The King of Cool needs no introductions
Without question - "The coolest man on two wheels"
We are all aware of McQueen’s great escape escapades and his prowess on two wheels, but there is more to his man than first impressions of a privileged actor. There is something genuinely earthy about his character that appeals to me. He was a maverick that didn’t fit into the traditional Hollywood image, someone that was true to himself. Although he was a star of many blockbusting movies and one of the highest paid in his industry, he never forgot what made him fell alive.
Terrence Stephen McQueen was born in Indianapolis on 24th March 1930 to a reportedly alcoholic single mother. His father William was a stunt pilot for a flying circus who left his mother Julia Ann, six months after meeting her. Unable to cope with caring for a small child, she left him with her parents for several years. His mother returned when she remarried; he was eight years old and didn’t adjust well to his new environment.
His stepfather beat him to such an extent that at the age of nine he left home to live on the street. McQueen was soon running with street gangs and committing petty crimes. He was sent back to his grandparents twice more, finally after locking horns with stepfather from Julia’s third marriage. He was not averse to using his fists on McQueen and his mother, giving severe beatings.
At the age of 14 McQueen left his grandparents farm for a short period working with a travelling circus, before drifting back to his mother and stepfather in Los Angeles to resume his life as a gang member on the streets. After another fight with his stepfather, which ended with him being thrown down the stairs, McQueen looked up at his stepfather and said, "You lay your stinking hands on me again and I swear, I'll kill you.” This resulted in a court order being granted to remand the youth in the California Junior Boys Republic in Chino.
At the age of 16, he drifted from job to job until in 1947 McQueen joined the United States Marine Corp. He initially reverted to his prior rebelliousness and was demoted to private seven times, before he eventually focused his energies on self-improvement. After 3 years of service he was honourably discharged.
McQueen began to earn money by competing in weekend motorcycle races at Long Island City Raceway and purchased the first of many motorcycles, including a Triumph and a Harley Davidson. He soon became an excellent racer,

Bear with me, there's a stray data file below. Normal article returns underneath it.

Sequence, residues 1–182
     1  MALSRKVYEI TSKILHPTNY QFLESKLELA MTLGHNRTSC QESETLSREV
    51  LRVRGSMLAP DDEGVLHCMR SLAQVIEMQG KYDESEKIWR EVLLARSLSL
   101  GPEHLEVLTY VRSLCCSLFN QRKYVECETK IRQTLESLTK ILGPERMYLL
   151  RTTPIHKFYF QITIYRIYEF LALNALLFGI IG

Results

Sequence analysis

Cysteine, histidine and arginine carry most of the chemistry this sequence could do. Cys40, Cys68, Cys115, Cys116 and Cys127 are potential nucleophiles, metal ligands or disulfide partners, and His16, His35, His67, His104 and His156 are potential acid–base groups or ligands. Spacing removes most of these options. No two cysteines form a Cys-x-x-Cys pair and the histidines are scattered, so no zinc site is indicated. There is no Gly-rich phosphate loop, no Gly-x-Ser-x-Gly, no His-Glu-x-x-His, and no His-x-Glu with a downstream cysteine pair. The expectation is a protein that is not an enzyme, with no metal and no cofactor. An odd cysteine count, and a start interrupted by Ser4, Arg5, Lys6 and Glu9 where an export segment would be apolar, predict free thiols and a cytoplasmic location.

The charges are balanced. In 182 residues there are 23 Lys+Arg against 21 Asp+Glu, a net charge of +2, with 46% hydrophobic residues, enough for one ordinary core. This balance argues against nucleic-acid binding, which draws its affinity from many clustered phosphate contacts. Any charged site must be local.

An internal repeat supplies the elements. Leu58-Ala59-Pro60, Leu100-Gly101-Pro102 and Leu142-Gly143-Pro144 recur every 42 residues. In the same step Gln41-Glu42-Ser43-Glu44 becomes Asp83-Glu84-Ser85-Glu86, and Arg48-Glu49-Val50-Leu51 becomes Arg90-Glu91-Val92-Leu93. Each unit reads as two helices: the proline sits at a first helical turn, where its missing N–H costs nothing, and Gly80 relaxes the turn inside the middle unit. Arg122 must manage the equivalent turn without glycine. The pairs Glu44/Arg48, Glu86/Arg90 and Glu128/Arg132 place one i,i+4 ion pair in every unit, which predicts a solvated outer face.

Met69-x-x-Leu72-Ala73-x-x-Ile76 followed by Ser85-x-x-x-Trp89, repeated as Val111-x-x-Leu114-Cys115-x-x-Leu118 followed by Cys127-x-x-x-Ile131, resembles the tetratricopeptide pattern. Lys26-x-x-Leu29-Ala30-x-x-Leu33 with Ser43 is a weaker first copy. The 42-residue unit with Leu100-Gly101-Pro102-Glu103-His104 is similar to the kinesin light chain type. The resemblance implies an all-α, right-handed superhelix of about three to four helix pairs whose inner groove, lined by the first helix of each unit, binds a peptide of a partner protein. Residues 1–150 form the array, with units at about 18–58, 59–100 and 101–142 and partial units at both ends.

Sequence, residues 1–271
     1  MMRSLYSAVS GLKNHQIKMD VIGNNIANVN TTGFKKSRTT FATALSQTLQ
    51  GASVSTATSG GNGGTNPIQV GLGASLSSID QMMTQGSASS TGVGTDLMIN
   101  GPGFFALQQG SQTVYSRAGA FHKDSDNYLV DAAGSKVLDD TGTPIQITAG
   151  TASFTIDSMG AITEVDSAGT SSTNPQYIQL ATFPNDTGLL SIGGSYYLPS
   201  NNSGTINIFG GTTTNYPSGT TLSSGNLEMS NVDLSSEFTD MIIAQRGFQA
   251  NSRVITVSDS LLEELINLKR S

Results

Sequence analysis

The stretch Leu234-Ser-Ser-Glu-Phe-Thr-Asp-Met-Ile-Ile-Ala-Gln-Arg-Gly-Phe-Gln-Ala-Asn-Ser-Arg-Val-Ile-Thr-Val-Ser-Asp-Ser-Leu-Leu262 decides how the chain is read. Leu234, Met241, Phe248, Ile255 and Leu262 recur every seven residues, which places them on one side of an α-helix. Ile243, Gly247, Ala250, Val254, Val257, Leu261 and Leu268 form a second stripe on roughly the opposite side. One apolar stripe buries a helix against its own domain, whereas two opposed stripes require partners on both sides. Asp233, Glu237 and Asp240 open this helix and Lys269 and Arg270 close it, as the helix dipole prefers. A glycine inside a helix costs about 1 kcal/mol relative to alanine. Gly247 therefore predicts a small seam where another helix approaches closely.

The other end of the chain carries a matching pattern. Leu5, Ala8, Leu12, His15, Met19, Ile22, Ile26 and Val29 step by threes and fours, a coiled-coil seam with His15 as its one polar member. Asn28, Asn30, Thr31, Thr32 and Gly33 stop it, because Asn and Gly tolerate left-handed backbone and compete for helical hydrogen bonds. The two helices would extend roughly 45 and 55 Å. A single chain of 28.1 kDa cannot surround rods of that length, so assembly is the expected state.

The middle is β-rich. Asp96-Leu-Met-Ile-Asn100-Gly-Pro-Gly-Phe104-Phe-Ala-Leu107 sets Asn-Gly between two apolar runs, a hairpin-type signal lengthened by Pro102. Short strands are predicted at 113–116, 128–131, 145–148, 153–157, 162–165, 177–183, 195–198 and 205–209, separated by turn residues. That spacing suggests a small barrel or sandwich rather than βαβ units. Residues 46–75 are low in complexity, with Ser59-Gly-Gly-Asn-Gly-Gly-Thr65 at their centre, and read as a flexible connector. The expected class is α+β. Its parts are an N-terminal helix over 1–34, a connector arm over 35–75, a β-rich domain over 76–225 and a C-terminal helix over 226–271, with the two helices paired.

McQueen was an avid motorcycle and race car enthusiast. When he had the opportunity to drive in a movie, he performed many of his own stunts, including some of the car chases in Bullitt and the motorcycle chase in The Great Escape. Although the jump over the fence in The Great Escape was done by Bud Ekins for insurance purposes, McQueen did have considerable screen time riding his 650 cc Triumph TR6 Trophy motorcycle. It was difficult to find riders as skilled as McQueen, at one point, using editing, McQueen is seen in a German uniform chasing himself on another bike.
McQueen competed in off-road motorcycle racing, frequently running a BSA Hornet. He was also set to co-drive in a Triumph 2500 PI for the British Leyland team in the 1970 London-Mexico rally, but had to turn it down due to movie commitments. His first off-road motorcycle was a Triumph 500 cc, purchased from Ekins. McQueen considered being a professional race car driver. He had a one-off outing in the British Touring Car Championship in 1961, driving a BMC Mini at Brands Hatch, finishing third.
In 1964 McQueen and Ekins were part of a four-rider (plus one reserve) first-ever official US team-entry into the Silver Vase category of the International Six Days Trial, an Enduro-type off-road motorcycling event held that year in Erfurt, East Germany. McQueen retired due to irreparable crash damage and Ekins withdrew with a broken leg. In 1978 he was inducted in the Off-road Motorsports Hall of Fame.
Although he led an active life which included exercise and learning martial arts, he battled with cancer and tumours, until he died of heart failure on November 7, 1980. He was 50 years old. He will be remembered for more than his celebrity lifestyle, for me, for his passion and commit to live life to the full.